Benjamin Franklin was a well known pioneer of Philadelphia glass making. We continue that tradition today.
The family founded the Franklin Glass Company when Benjamin Franklin took over his father's business in 1732, following the death of his uncle Joseph Franklin. Franklin was a natural and quickly became a pioneer in commercial glass and a highly successful glassmaker.
The glass used in Benjamin Franklin's factory, designed by John Thomas White, used sand imported from France. The glass was mixed with an iron pigment and then pressed and polished for use in glassblowing. This particular glass produced a nice, clear and deep shade of blue.
In 1778, Franklin Glass began producing glass for the Federal government, but their production facility was shut down when Thomas Jefferson became President of the United States. To make up for the shortage of glass, the James Madison Federalist Paper was published in 1783, calling for the production of all kinds of glass.
In 1792, the Jeffersonian movement gained strength, and business ownership by the people was considered to be an important civil liberties issue. This was particularly true of the production of glass.
In 1818, a new glass was introduced to the market by French company, DuPont. It was called 'St. Helena' or 'Moorish Silver' as its purity was considered to be "too low" for safe use by both government and industry.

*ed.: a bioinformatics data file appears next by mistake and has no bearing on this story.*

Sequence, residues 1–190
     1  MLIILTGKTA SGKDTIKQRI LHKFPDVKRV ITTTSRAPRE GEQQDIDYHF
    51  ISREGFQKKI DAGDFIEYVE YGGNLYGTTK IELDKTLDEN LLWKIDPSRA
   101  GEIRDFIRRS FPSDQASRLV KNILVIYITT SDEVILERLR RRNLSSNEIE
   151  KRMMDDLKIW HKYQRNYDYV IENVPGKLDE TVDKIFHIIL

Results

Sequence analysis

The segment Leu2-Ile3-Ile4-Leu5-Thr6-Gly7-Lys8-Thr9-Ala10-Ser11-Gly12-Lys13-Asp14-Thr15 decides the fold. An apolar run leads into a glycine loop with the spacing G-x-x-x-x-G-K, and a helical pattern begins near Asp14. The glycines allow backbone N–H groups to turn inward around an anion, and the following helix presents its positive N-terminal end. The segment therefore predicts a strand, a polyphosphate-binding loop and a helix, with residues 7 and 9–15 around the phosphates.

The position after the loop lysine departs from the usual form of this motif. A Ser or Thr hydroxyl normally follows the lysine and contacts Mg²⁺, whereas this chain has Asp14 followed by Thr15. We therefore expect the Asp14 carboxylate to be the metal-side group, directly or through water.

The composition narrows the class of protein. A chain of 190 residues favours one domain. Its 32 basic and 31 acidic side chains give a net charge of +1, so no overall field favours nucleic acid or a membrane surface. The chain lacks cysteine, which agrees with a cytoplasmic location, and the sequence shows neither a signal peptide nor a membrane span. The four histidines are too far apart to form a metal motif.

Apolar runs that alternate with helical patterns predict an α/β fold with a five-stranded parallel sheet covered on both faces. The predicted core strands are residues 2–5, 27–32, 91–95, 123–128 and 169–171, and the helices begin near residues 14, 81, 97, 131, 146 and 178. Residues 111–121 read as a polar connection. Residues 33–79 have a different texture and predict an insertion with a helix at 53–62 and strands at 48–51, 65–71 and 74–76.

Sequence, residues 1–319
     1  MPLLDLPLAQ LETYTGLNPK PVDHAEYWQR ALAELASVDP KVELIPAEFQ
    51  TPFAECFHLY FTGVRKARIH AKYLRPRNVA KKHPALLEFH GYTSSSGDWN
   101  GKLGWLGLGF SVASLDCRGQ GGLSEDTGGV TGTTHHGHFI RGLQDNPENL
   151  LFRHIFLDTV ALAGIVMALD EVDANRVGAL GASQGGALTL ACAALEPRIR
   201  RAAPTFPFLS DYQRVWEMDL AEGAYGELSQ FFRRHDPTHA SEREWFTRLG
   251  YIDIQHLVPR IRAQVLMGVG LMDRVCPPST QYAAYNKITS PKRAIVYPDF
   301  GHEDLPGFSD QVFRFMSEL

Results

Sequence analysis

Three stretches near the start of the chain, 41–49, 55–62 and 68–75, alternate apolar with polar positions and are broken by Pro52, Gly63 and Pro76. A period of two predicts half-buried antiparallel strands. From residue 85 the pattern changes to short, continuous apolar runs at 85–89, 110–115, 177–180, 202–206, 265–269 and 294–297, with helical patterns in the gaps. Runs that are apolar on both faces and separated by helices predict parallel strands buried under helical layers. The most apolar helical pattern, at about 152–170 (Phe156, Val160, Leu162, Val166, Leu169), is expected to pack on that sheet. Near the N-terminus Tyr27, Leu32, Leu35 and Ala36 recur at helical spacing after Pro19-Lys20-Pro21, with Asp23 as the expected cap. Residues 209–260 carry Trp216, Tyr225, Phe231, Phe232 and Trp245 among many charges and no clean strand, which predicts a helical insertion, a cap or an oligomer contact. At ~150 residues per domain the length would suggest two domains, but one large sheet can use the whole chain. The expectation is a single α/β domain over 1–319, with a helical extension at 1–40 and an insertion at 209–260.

Yet demand for the product increased so much that it had to be banned by the U.S. federal government and by the government of France, Belgium and the U.K.. It was then that FGbS was able to mechanize glass blowing, once inneficiently practiced by artisan craftspeople, and finally return American Made glass to the world stage at scale.
"Hand made? mouth made? Theres a picture on John in Sales' cubicle wall of someone blowing up a glass baloon at the end of a big metal straw or something. Apparently that is how it used to be made? Now it's mostly machines and outsourced foreigners with lax environmental regulations and child labor laws. All we know is that, for us, it is a labor of love."
- Gina in Accounting
We decided, at the direction of Bain & Company, that we wanted to find all of our old work and learn to do it more efficiently. We got to know our customers, had meetings with them on occasion (there might be only two or three a year for the rest of my career!), and worked hard to try and get them to keep up with my production rate. And to this day, in more or less every glass company, there is always someone in the glass factory with some sort of eye toward making sure it is well done.
In all honesty, it's not much of an accomplishment to be a glassmaker today anyway. People just have different production methods for different types of materials, materials that are more expensive (which one has to be careful about with aluminum and lead in general when it comes to glass blenders with the high temperature stability) and materials that are less stable. To the extent that the job in glassmaking is making beautiful glassblends, it's a lot.
We went straight to the Glassmakers Hall of Fame in Philadelphia. We asked the Hall to send someone to us and when they wouldn't we decided to just do it ourselves. If there is one thing we learned from the business of the glassblowing industry, it is to not overdo things.
Sand, we use a lot of sand.
No, really, seriously. Our marketing firm said that is what you wanted to hear. Sand is natural, and its like 90% of what we use.
"These numbers don't add up."
"I would really like to sell you some glass."
"How may I help you?"